Backers of a controversial plan to harvest kelp off the Scottish coast have said it could support a £300m industry.
The proposal to collect 30,000 tonnes of kelp came from Ayr-based Marine Biopolymers (MBL).
It claimed the material could allow it to create "invisible armour" or slow-release cancer drugs.
MSPs are preparing to vote on a measure which could ban the removal of entire kelp plants.
Green MSP Mark Ruskell successfully amended the Scottish Crown Estate Bill after 14,000 people signed a petition against kelp dredging.
Veteran naturalist Sir David Attenborough has also spoken out in support, saying it is "absolutely imperative that we protect our kelp forests".
Ailsa Maclellan, who lives in Ullapool and harvests kelp by hand using a pair of scissors and a bucket, has been a vocal opponent of commercial harvesting.
"This makes me livid," she said. "There are lots of us along the coast who rely on this habitat for our jobs - fishermen, wildlife tourism.
"We should be protecting this."
But MBL co-founder David Mackie insisted its plans to harvest the seaweed - laminaria hyperborea - are "entirely sustainable". He said there is an estimated 20 million tonnes of kelp in Scotland's waters.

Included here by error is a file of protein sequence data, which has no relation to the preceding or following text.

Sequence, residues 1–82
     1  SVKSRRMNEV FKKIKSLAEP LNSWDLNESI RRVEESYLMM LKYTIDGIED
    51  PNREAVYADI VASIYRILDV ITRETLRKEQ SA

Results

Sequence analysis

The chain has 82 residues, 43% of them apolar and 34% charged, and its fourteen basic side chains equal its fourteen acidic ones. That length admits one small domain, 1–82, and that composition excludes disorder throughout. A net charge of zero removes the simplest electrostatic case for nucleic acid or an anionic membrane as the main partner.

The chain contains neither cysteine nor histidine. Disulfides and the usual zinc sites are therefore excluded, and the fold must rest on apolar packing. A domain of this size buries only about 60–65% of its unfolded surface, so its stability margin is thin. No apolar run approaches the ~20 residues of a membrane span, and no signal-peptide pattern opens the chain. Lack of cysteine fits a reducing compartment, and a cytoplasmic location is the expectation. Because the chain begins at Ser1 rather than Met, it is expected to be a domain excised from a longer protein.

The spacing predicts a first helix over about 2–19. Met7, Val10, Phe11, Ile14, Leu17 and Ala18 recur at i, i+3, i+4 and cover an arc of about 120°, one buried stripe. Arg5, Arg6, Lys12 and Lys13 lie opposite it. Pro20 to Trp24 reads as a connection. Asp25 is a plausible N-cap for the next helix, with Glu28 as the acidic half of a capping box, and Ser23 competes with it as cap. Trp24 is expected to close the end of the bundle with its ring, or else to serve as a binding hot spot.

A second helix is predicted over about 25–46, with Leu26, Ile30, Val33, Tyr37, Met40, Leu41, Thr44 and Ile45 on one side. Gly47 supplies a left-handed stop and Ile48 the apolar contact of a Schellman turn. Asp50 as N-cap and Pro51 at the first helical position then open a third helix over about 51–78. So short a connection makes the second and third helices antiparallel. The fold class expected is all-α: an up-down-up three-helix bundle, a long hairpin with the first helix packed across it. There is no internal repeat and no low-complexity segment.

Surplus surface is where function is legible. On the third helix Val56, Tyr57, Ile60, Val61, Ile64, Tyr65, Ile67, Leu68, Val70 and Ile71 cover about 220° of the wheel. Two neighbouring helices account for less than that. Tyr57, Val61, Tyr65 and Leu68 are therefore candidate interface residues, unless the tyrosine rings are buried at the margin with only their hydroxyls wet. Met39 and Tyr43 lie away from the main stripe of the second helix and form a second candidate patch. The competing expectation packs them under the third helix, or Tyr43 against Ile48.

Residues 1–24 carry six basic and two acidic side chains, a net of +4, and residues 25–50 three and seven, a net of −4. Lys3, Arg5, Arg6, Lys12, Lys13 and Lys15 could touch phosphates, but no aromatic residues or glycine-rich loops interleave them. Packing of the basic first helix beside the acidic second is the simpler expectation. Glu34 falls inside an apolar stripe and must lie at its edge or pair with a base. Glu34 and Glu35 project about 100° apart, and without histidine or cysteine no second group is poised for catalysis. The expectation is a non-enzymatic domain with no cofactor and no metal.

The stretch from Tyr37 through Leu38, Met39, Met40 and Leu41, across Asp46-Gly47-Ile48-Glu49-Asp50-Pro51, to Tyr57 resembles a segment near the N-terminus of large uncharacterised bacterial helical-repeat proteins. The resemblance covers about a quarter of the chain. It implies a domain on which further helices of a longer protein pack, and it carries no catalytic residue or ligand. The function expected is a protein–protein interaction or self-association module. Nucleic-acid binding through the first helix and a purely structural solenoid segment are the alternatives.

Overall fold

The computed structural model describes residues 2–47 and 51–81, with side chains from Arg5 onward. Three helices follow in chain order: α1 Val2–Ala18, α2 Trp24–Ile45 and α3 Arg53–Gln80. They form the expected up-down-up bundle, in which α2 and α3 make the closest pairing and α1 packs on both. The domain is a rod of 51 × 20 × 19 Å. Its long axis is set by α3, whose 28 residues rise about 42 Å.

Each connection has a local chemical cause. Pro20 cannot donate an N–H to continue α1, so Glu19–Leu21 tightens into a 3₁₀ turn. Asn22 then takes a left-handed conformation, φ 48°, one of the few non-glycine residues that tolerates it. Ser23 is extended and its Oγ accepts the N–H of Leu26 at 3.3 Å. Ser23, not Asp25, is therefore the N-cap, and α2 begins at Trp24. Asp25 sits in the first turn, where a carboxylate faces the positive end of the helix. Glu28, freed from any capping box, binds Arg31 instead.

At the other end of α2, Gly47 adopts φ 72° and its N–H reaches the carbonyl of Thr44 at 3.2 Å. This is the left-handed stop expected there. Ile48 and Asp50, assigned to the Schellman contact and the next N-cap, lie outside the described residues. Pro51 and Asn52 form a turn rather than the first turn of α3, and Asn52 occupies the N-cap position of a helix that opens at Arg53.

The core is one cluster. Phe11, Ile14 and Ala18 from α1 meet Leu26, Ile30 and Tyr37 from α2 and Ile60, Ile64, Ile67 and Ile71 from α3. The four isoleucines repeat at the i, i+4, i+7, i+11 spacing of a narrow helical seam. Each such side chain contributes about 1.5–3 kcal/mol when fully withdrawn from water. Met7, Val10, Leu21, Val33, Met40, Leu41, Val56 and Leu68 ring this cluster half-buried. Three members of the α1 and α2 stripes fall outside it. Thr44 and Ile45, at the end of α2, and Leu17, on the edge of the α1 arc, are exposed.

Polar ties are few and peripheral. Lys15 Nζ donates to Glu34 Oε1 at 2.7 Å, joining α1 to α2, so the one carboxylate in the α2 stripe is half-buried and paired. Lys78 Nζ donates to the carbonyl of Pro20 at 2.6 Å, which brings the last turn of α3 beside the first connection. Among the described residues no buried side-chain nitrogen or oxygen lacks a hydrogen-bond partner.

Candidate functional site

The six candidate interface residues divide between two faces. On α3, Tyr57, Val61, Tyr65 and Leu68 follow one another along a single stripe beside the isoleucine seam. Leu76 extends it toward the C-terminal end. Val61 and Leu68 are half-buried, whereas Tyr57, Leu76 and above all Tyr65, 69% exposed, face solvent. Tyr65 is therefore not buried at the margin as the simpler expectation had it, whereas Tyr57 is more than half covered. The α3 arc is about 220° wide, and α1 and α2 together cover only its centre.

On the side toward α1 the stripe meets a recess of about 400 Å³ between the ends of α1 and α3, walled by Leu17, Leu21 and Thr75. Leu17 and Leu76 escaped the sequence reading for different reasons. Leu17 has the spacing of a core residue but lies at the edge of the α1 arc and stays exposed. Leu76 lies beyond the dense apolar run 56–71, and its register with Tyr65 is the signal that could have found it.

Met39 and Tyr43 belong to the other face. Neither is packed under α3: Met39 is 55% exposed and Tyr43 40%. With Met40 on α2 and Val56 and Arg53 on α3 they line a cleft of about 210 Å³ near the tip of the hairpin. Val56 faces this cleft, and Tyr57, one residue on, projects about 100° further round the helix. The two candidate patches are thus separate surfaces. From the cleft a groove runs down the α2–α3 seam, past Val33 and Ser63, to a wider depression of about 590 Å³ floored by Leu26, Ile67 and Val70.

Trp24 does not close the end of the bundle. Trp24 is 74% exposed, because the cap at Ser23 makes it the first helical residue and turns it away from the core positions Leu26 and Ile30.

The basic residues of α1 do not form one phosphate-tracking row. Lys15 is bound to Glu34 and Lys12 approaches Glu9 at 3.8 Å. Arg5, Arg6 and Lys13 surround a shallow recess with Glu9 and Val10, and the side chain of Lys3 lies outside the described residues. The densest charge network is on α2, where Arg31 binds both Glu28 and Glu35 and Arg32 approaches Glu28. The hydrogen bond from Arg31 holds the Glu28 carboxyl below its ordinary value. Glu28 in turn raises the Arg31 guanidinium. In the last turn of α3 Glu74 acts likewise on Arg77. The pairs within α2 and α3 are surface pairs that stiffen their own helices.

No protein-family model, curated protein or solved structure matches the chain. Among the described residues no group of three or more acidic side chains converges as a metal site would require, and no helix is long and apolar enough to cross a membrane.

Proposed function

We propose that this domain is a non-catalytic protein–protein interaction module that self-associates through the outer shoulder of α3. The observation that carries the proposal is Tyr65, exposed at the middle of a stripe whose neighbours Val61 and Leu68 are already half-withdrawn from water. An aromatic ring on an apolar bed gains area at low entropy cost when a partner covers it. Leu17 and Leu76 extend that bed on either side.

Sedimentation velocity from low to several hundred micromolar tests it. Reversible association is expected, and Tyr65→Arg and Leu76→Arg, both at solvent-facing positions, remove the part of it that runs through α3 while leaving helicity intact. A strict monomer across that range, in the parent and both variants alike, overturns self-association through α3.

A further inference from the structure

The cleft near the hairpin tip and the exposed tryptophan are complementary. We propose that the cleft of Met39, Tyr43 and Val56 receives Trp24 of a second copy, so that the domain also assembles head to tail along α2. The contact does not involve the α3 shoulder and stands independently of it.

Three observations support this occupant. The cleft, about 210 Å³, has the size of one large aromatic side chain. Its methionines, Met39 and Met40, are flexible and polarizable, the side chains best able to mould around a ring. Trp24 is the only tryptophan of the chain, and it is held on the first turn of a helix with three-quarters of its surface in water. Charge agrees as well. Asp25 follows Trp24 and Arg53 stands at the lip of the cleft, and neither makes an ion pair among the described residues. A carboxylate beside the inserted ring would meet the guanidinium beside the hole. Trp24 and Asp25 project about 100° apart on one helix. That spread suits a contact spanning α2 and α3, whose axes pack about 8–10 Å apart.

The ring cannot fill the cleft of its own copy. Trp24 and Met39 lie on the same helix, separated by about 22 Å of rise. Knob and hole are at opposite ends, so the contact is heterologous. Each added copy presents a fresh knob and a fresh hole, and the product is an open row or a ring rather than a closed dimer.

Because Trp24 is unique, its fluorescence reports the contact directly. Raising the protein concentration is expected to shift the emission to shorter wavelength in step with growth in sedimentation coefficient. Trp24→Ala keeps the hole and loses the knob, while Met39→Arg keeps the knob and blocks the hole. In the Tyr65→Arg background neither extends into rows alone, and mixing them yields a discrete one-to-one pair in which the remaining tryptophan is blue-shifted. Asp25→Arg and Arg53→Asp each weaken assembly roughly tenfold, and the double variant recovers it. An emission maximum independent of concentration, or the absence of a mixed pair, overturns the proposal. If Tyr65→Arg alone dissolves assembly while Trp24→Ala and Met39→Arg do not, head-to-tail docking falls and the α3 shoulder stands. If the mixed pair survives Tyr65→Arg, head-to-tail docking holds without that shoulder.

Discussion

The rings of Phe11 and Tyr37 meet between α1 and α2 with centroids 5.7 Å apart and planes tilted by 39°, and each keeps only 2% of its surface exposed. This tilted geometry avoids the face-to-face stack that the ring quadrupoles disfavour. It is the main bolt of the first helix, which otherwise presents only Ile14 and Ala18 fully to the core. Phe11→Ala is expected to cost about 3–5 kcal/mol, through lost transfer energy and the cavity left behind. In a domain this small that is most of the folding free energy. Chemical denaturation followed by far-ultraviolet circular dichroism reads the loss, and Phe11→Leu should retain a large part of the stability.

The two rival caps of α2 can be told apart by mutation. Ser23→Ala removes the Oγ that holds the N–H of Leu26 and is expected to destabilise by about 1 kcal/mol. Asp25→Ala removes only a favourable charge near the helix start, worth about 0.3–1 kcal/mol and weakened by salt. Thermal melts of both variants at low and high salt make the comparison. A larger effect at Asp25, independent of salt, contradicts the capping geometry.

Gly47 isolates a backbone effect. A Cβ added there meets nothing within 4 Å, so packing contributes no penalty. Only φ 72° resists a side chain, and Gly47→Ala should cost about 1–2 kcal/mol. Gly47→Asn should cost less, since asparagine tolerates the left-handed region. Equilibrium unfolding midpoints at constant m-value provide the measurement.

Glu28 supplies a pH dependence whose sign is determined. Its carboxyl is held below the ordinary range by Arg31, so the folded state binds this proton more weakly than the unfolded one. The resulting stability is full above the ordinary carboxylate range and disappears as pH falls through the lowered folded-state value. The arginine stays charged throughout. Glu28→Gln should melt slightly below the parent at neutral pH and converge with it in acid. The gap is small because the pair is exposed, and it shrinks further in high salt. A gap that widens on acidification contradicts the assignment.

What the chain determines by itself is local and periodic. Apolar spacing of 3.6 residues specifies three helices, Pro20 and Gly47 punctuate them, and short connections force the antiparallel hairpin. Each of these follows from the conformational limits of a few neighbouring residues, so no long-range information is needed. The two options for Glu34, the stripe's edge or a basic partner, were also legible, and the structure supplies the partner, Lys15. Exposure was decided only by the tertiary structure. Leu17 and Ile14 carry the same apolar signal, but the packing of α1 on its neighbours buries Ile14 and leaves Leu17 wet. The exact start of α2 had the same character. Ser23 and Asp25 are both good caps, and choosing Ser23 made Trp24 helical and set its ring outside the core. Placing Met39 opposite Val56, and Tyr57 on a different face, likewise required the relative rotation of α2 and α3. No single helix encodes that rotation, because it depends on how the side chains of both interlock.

He also warned that, if MSPs support the ban on industrial harvesting, the company's plans could be halted.
Mr Mackie said: "People say we intend to dredge. Well you can't dredge a rocky bottom, so we're not doing that."
He said the legislation, as amended, would put at risk much of the innovative work being undertaken by the business.
Mr Mackie added: "We are entirely sustainable, we would not in any way endanger the natural processes."
MBL is working on a number of potential products.
One is a "transparent armour" which could be used for helmet visors and body shields by police and the armed services.
The nanocellulose produced from kelp could also be used to develop slow release drugs for treating colon cancer.
The company believes it could also be an alternative to the vaginal mesh implants which have left some women in crippling pain.
Dr Mark Dorris, a senior research fellow and lecturer in material science at Edinburgh's Napier University, has been working with the nanocellulose from kelp.
It is a potential replacement for packaging derived from wood pulp, but he believes there are more exciting possibilities.
"There's loads of applications for this, medical implants, meshes," Dr Dorris said.
"This stuff, because it is made from seaweed, is biocompatible, the wood cellulose isn't."